The insurance industry has been making the case to Congress that cyberinsurance can be a path to good security practices, encouraging different groups inside an organization to better communicate with one another. The process of investigating, applying for and being approved for cyberinsurance may indeed prompt important discussions inside organizations about cybersecurity. And it may be a subject that prompts board-level discussion of cyber preparedness. But in our view, relying on cyberinsurance as the spark for those conversations is the tail wagging the dog or the chicken not the egg or the egg not the chicken.
Good cybersecurity preparedness begins with cross-functional communication and coordination: IT-legal-communications/PR-risk management/finance. While cyberinsurance does raise the question of how much risk to offload, there are a broad set of institutional considerations that go far beyond that narrow question. Companies that decide to transfer some risk to an insurer must, at the same time, address squarely the risk that it retains. How robust are its information security governance practices, technical measures, training and response plans? Focus on these subjects goes far beyond insurance and beyond addressing the questions in an insurance application, and building a cybersecurity program based on a cyberinsurance application is a weak foundation for the future. Insurers are struggling to adequately assess risk in this area, and applications typically reflect last-year’s megabreach. Case in point, carriers are asking every company about P2P encryption for credit card processing, regardless of whether they have significant retail operations that accept credit card payments.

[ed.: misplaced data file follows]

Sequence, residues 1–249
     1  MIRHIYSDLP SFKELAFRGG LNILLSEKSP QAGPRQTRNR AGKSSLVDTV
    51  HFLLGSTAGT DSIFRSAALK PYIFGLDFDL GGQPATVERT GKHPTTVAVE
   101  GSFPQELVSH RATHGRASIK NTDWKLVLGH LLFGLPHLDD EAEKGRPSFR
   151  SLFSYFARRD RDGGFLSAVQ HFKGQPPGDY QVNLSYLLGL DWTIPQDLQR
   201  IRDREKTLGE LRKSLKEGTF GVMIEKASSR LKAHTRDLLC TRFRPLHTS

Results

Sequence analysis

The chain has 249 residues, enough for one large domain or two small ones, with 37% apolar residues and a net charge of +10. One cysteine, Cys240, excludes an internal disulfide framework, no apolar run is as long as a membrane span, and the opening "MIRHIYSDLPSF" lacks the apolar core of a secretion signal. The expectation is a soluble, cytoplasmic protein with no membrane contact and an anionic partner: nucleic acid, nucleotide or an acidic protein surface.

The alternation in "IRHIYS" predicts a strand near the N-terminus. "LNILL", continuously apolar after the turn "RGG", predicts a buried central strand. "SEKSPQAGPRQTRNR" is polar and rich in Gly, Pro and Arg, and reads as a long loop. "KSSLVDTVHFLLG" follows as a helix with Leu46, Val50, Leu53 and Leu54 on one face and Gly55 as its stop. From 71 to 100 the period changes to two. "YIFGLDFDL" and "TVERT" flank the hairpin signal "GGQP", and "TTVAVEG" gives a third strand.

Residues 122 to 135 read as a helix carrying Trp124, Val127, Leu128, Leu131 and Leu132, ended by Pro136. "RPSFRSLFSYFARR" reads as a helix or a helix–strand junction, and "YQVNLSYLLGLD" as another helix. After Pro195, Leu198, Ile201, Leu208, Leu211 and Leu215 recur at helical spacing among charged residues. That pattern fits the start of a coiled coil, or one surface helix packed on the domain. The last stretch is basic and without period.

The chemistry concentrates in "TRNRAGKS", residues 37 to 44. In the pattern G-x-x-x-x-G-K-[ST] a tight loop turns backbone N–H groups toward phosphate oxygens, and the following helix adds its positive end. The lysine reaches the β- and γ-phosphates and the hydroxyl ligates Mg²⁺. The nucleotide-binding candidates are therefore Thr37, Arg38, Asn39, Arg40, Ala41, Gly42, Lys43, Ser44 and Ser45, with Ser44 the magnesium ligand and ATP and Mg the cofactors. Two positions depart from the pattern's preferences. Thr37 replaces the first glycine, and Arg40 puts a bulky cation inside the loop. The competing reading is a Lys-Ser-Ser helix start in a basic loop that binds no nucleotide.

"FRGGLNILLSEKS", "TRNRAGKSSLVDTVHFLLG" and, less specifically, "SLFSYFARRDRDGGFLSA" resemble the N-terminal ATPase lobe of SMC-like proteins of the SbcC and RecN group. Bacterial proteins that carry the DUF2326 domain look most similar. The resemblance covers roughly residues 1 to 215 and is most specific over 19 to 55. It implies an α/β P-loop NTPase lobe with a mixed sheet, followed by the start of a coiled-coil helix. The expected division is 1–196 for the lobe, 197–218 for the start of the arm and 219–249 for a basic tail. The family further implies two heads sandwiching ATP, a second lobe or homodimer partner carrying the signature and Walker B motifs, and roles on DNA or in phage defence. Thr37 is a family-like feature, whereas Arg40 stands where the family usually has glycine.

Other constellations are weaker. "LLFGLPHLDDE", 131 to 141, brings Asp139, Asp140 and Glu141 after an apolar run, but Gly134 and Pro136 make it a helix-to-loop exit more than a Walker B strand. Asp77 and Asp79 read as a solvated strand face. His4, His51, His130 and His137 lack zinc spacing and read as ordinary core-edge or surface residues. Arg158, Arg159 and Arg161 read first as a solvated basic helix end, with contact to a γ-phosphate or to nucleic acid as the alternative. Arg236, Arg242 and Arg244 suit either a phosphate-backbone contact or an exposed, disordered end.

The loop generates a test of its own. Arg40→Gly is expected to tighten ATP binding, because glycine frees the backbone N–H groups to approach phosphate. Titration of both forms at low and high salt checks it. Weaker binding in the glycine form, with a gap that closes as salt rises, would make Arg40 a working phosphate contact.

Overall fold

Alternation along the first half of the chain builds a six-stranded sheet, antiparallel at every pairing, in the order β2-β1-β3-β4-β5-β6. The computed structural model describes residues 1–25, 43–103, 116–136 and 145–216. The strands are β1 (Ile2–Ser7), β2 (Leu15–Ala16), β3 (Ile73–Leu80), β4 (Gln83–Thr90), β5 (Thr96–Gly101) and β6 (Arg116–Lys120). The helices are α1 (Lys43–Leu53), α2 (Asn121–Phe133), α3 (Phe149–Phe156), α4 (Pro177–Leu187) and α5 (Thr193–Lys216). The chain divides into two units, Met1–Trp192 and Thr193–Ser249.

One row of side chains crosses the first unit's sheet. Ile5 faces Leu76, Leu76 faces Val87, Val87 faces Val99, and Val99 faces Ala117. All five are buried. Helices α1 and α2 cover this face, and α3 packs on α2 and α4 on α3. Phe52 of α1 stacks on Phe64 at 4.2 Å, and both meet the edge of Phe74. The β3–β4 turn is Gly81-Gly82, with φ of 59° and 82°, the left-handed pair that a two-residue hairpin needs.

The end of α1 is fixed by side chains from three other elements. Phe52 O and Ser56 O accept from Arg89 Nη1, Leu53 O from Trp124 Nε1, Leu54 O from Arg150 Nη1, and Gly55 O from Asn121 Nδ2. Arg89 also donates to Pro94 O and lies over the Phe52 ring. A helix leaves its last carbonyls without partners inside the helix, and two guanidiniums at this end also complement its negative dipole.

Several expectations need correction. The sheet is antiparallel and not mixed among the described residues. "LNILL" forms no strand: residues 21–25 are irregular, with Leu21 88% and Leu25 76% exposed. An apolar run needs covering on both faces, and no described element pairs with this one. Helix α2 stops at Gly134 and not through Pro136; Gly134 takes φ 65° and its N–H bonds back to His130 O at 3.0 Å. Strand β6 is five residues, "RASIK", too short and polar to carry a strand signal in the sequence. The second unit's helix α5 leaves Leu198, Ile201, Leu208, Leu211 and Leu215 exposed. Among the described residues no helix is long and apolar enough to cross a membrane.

Instead, companies must focus on their own risk profile – those risks that present the greatest organizational threat – and build a thoughtful, risk-based program in response. Cyberinsurance may be an important part of that program, but it is not the “chicken” or the “egg.”